This is a temporary outdoor public sculpture installation for Parks & People on the Gwynns Falls Trail in an area of Leakin Park called Winans Meadow. This ended up as sort of a research project, working at this scale, outdoors, in a non-shelter kind of way is really different from architecture. There's no split between drawing and building, and it was a good chance to try to come up with a system that could be composed at the site in an ad-hoc way.
There was a desire to identify and connect some processes at work in the city:
(1) The process of abandonment and dereliction that produces unplanned open space. Some of this space is acquired by municipalities on the scale of the block, the neighborhood, the city - and turned from dross to amenity. Lots, alleys and fields become rights-of-way, paths, gardens, parks ... or else they're thrown back into the mill for reuse and more building.
(2) The process by which invasive plant life colonizes and takes apart the remnants of the hardscape, opening it up again to wind and rain. Paulownia and Ailanthus trees are foreign species from asia, where they are revered for their medicinal and symbolic value. Here they are uncultivated and volunteer opportunistically, growing quickly where other plants would find no root, scorned as weeds and pulled when unwanted. (shoutout to Kio and Neil from the Working Group for spreading this obsession)
The site at Winans Meadow offered a chance to link these ideas together. The underused Winans family estate was purchased by the city in 1941, it's been a city park since at least 1948. The site has had a reputation as a dumping ground - this is maybe related to the presence of strange ruins dating from around the civil war, including a large broken water wheel, a stone root cellar and a guardhouse.
This project takes the detritus from the constant construction and destruction of Baltimore's built environment - broken bricks and scrap boards - into the park to form new patterns and structures embedded in the ground like reverse archaeology, fresh hardscape with an invented history, waiting to be discovered by visitors, with a form that grows and spreads across the landscape.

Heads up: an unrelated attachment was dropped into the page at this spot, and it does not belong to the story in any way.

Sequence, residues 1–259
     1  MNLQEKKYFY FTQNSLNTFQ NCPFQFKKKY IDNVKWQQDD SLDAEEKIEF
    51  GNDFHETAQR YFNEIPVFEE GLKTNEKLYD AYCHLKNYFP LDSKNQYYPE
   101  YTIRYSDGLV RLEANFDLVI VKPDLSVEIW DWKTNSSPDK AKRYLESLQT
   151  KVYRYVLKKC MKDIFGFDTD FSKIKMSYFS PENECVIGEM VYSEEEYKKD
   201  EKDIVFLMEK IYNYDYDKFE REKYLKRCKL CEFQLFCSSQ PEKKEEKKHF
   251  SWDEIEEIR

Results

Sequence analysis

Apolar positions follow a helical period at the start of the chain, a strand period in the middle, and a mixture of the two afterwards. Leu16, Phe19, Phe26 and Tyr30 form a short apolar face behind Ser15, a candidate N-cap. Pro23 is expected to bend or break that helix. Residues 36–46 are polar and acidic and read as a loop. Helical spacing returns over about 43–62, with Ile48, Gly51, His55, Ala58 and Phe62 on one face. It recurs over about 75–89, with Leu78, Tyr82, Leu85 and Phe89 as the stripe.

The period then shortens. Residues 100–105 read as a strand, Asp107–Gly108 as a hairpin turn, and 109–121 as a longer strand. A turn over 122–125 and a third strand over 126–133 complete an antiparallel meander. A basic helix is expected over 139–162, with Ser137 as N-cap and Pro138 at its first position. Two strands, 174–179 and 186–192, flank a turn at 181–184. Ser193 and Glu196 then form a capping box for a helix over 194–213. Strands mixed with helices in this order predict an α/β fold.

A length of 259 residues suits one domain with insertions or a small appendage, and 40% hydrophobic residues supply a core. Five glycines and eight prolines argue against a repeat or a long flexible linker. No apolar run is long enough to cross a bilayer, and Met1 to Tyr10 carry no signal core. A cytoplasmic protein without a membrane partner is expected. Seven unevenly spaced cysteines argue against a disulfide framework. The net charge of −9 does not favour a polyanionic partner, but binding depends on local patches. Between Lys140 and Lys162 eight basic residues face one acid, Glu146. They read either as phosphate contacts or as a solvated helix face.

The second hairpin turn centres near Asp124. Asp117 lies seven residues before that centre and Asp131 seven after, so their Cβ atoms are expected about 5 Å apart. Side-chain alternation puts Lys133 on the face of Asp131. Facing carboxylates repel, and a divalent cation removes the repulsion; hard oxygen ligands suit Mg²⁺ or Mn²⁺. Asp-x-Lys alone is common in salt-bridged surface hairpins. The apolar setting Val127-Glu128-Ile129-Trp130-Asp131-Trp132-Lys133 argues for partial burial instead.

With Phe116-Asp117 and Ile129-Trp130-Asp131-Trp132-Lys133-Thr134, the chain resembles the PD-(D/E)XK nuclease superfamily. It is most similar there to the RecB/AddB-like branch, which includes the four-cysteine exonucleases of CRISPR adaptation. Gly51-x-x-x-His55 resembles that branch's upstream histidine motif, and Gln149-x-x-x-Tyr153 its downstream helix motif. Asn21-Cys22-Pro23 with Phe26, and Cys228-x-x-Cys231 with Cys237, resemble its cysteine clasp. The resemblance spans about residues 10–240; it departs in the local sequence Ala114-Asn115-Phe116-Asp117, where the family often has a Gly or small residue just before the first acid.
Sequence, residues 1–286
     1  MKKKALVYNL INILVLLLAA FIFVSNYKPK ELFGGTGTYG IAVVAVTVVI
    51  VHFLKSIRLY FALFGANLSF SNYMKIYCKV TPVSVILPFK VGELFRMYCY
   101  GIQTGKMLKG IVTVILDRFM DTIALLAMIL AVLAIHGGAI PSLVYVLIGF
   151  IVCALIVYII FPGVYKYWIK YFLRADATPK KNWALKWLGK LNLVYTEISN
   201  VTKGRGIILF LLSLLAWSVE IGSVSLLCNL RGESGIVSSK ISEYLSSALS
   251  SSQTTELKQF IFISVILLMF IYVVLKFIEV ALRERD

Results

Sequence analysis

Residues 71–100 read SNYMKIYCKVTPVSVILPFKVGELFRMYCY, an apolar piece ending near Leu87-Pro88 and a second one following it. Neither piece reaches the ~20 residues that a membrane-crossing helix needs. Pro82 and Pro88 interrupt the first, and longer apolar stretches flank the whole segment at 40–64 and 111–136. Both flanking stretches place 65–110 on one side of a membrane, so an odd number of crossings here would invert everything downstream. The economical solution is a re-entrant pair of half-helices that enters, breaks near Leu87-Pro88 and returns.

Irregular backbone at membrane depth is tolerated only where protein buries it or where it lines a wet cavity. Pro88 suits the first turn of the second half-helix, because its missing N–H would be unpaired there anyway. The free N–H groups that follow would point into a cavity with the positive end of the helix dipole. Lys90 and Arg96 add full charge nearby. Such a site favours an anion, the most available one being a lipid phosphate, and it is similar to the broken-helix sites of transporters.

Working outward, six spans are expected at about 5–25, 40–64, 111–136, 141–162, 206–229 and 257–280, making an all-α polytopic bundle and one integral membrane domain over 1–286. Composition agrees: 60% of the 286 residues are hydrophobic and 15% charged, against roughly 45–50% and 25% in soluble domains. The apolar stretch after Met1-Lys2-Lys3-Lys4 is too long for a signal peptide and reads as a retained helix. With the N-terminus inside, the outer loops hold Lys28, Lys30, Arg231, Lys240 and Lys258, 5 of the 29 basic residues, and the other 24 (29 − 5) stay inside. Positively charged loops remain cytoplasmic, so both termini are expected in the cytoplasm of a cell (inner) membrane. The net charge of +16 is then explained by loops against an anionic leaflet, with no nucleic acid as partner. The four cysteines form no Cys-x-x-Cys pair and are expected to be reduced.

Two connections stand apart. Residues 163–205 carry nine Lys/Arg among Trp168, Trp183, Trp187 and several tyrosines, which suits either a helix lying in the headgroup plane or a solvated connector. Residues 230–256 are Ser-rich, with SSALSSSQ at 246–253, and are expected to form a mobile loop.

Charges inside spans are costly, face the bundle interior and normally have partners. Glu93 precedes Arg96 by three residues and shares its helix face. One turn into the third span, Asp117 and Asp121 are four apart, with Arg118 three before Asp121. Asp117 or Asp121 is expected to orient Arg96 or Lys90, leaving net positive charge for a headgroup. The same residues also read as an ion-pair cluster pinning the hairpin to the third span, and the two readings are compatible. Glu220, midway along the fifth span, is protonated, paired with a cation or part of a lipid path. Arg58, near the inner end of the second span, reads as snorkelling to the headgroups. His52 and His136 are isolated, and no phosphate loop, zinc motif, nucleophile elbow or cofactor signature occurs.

Construction imposes built geometry on open space, and as a lot becomes fallow again, growth imposes it's own order as another overlay. The choice to use nonstandard variable geometry instead of a more repetive system was an attempt to collapse these two systems into one. Voronoi and Mesh are the new (pseudo-organic) grid.
That's the intention, anyway, the vagaries of execution tend to distort and dilute things into other things.
The whole deal depended on the use of found scrap material. There were time constraints - a deadline on another thing slipped, and ended up overlapping the start date for this one. The entire project had to be finished - materials located, gathered, transported, unloaded, staged and installed - in an evening, a lunch break, and a half day off work. Also, time spent to embed each piece in the ground was way underestimated. The boards made it in, just barely, the bricks didn't.
There were size constraints - the outer bounds of a given piece were determined by the carrying capacity in a trunk of a not-very-large-car. A lot of promising scraps were left on the table for being too big. This limited the connection distance between points, and the overall scale of the installation - more smaller pieces had to do the work of fewer larger ones. Setting up the systems as open-ended fields allowed the pieces to be composed on-the-fly, and the whole project could be scaled up or down as time and materials allowed.
The scale worked out - the Voronoi board network fit around and between the grid of newly planted farm trees at the top of the hill. There were other lucky coincidences, including the discovery of a hardware/lumber store about 5 blocks from the site, useful to get sand for paver beds and a hammer for tapping things into place. Craft and constructibility was another issue - digging, lifting, clearing and hammering is hard work, there are blisters to prove it.
There are always other things: weather, seasons, and unplanned connections. There is the idea here, as has been seen before, of a ground made of stuff - a seemingly solid base that's actually built up of found material from elsewhere. The opening was scheduled for Saturday, the same day that Hurricane Hannah drenched the northeast. The tour was canceled but the rain washed away the remnant scraps of dirt and joined the pieces to the ground in a way that no shovel could've.
In the above photo, the distorted grid of bricks is barely visible in the background, It is early fall now that the installation is in, and the leaves blur the color and obscure the geometry in an unexpected, but not-unwelcome way.
We've got kind of a catch phrase in Baltimore, when a project doesn't turn out the way you expect, you say something like: "Oh yeah, this is just the trial run, now that we know how it works, it'll be awesome when we do it for real."
So there's a bunch of sculptures in Leakin Park right now, if you're around Baltimore anytime before mid October, go see 'em, and don't miss Doug Retzler's 40 ft sundial made of light poles and railroad ties, he did it for real.